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George Steinbrenner: 'global icon'

YES' Michael Kay just called George Steinbrenner a "global icon." I hope LeBron James, who said he wants to be a global icon, was listening.

As I pointed out in this tribute to Steinbrenner, he left Cleveland to pursue glory in New York.

James left Cleveland and declined to take on the challenge and opportunity of New York.

GMS would have loved the blanket coverage his death has received, from YES - which has been live since 1 p.m., doing a fine job despite its lack of a formal news operation - to SNY to ESPN to talk radio to newspaper websites to . . . well, everywhere.

YES has a two-hour special set for 6 p.m. tonight.

And his timing is classic Steinbrenner, filling the gaps on a slow news day and setting the stage for tributes at the All-Star Game tonight, when the Yankees' return home against the Rays Friday, and finally at Old Timers' Day Saturday.

But the tribute Steinbrenner would have appreciated most will come Wednesday morning, when he lands on every New York newspaper back page one last time.

Random statements that p.r. people have sent me:

WCBS radio's John Sterling: "There’s no question that the passing of George leaves a tremendous void for the Yankees and for baseball. He really changed things in the order of baseball after he bought the Yankees in 1973, and basically it’s turned out so great for baseball. His vision was to spend money to make money.

"I’ve heard one million George Steinbrenner stories of things he did for people that would bring a tear to your eye. So he was a combination. Was he a tough boss? Boy, you bet he was. But he also had the softest side to him. In my own way, I really loved him. He took care of so many people in so many ways. I’m really very sad today, but he did phenomenal things for the Yankees."

WCBS radio's Suzyn Waldman: "Anybody who knows what the Yankees were like before there was a George Steinbrenner certainly knows what he did on the field. He was a remarkable man. He had one thing in mind always and that was building a team and bringing championships to the city of New York.

"His legacy is going to be something that is so far reaching, and you’re going to read in the coming days about what he was like. I don’t think we’re ever going to see a person like this again."

Dick Ebersol, chairman of NBC Sports: "As much as people rightfully today will give George Steinbrenner tremendous accolades for the almost 40 years of New York Yankees success, I hope no one will overlook or forget the immense impact that he has had on the development of some of the most successful U.S. Winter and Summer Olympic teams in history.”

Yankees president Randy Levine: "Today we lost a great person, a great leader and a great American. There will never be anyone like George Steinbrenner. He was a winner."

YES' John Flaherty: "New York and sports lost a great figure this morning. There is nothing like putting on the pinstripes and playing for the Yankees, and that is a tribute to the way George Steinbrenner resurrected the franchise in the 1970s. He treated the Yankees players extremely well. He was always very generous. He gave you all the resources you needed to win. All he wanted to do was win and to bring world championships to the people of New York, and he was extremely successful in doing that. I will always treasure my time with the Yankees. My condolences go out to the Steinbrenner family."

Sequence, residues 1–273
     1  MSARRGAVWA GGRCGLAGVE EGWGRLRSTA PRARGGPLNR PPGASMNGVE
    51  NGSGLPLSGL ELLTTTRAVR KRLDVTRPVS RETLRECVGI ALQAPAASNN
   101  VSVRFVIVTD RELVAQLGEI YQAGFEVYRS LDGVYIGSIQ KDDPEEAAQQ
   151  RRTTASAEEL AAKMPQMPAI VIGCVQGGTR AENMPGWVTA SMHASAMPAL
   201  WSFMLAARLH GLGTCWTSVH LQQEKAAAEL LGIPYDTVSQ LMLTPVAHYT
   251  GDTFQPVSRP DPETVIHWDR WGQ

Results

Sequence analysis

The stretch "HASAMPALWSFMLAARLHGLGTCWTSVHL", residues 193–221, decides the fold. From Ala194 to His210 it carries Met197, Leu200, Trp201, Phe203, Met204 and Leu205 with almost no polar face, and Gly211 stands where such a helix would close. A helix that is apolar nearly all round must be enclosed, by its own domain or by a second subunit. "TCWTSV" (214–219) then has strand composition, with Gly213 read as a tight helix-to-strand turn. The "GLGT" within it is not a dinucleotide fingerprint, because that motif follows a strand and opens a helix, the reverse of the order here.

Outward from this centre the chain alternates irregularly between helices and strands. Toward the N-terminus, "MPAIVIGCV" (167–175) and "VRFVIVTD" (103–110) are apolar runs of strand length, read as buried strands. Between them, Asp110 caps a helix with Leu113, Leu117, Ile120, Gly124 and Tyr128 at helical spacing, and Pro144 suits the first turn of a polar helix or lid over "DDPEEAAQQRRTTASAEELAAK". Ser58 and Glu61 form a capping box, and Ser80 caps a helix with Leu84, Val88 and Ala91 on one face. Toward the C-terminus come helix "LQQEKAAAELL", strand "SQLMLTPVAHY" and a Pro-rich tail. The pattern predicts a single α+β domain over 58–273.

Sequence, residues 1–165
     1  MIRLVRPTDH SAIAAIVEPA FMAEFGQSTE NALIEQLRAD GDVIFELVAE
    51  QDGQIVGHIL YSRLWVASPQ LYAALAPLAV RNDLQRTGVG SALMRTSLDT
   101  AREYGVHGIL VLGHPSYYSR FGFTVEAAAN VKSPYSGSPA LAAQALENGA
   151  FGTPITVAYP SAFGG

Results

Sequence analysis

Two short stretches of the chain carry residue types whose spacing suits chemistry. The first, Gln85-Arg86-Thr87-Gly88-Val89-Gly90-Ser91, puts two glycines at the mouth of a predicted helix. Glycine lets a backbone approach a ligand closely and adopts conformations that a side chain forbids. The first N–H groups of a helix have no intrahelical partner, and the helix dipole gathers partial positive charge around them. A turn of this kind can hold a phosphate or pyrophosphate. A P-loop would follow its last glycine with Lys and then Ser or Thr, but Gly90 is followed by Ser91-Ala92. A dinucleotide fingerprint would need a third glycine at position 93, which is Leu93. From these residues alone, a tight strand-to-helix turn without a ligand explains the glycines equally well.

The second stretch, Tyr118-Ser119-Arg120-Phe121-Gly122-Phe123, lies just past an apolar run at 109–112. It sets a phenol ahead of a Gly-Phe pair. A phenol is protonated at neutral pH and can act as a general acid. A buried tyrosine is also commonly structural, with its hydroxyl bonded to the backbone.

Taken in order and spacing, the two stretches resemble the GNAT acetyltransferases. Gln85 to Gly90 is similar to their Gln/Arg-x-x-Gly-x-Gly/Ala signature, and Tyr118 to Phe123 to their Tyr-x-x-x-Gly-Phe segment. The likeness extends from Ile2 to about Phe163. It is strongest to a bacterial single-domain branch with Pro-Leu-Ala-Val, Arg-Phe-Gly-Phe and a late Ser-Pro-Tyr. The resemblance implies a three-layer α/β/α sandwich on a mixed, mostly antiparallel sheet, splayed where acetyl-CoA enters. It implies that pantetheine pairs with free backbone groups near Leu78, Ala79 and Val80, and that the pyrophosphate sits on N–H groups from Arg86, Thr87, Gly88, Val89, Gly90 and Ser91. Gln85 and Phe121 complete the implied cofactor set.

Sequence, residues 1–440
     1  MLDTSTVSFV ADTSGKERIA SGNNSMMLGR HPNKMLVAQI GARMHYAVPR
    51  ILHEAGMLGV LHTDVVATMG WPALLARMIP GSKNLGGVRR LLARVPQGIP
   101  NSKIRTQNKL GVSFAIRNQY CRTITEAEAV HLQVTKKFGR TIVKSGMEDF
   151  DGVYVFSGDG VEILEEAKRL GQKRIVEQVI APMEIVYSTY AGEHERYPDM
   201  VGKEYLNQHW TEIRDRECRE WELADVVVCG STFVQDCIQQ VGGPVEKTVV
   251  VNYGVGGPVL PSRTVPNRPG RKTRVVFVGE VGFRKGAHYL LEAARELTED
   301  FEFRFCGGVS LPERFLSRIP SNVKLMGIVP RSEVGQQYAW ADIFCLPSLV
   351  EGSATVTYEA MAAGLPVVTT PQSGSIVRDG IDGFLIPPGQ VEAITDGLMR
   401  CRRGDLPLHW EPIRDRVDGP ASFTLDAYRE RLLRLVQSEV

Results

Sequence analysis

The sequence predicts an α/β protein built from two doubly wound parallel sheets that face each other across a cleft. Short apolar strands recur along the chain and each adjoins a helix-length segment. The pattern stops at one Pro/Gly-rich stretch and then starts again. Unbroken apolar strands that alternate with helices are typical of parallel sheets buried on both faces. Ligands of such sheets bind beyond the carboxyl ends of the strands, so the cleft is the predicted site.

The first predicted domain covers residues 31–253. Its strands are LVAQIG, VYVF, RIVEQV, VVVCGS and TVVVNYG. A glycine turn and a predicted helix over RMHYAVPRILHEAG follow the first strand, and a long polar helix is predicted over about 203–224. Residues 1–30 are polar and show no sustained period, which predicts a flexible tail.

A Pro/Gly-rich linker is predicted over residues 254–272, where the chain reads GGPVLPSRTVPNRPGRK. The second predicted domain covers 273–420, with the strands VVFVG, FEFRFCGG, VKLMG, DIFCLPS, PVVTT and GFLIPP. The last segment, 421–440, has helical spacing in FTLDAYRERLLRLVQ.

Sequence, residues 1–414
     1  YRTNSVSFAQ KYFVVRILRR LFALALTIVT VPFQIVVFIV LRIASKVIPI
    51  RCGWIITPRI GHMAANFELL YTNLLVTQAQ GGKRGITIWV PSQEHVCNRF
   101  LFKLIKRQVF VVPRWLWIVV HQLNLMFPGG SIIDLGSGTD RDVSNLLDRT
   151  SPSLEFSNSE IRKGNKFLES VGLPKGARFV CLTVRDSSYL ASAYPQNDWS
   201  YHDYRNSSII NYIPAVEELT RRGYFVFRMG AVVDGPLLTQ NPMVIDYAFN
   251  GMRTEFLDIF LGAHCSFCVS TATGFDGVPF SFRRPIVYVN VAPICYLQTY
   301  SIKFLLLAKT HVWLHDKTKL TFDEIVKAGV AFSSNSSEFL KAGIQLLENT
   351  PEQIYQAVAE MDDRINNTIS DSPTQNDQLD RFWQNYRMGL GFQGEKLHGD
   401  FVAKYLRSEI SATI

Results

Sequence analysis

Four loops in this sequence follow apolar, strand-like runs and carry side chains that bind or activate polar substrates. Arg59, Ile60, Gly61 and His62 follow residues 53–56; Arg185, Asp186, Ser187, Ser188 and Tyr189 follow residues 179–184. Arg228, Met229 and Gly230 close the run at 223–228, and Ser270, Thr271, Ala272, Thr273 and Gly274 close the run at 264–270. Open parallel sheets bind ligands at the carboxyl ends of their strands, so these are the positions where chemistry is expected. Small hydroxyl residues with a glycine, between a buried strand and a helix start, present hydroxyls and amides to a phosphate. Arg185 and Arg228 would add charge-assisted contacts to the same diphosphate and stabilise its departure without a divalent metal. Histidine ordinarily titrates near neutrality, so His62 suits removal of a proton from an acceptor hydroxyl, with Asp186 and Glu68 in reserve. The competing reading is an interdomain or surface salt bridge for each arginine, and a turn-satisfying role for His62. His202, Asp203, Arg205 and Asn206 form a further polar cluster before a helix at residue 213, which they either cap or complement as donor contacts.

YES' Ken Singleton: "George Steinbrenner was a legend, a once-in-a-lifetime figure. He had tremendous vision, and the sports landscape – not just the baseball landscape – will never be the same. He had an outsized personality. While I was playing with the Orioles, and later as a Yankees analyst, I witnessed first-hand the passion for winning he exhibited, and the way New Yorkers appreciated the resources he put into producing a championship team. We’ll never see another owner like him. I will always appreciate the opportunity Mr. Steinbrenner gave me to broadcast Yankee games. I will miss him dearly."

YES' Al Leiter: "You couldn’t ask for a better owner than George Steinbrenner. He always provided everything you needed to win a championship. His passion, intensity and his attention to detail were legendary, and he expected nothing but the best from you. No one outworked him, and no one wanted to win more than he. He had a unique aura, a unique presence about him. When he walked into a room, his presence was felt immediately. I thoroughly enjoyed my times with the Yankees. It was, and is, a sports franchise like no other. Mr. Steinbrenner will be terribly missed. My thoughts and prayers go out to the Steinbrenner family."

Giants president John Mara: “The passing of George Steinbrenner leaves a significant void in the fabric of the sports world and New York City. The thoughts and prayers of our organization are with the Steinbrenner and Yankees families. George’s energy and his commitment and devotion to the Yankees were unmatched, and he was as generous and charitable a person as has ever been in sports. His was a unique, special and unforgettable presence.”

Giants chairman Steve Tisch: “George Steinbrenner was a dynamic personality in sports and in business. He was the ultimate competitor in both worlds. All of us in the business of sports want to win; that is the objective. George personified that ambition. He and his good works will be missed dearly. George and my father had a special relationship; they were both good businessmen, and George loved the Yankees and my father loved the Giants.”

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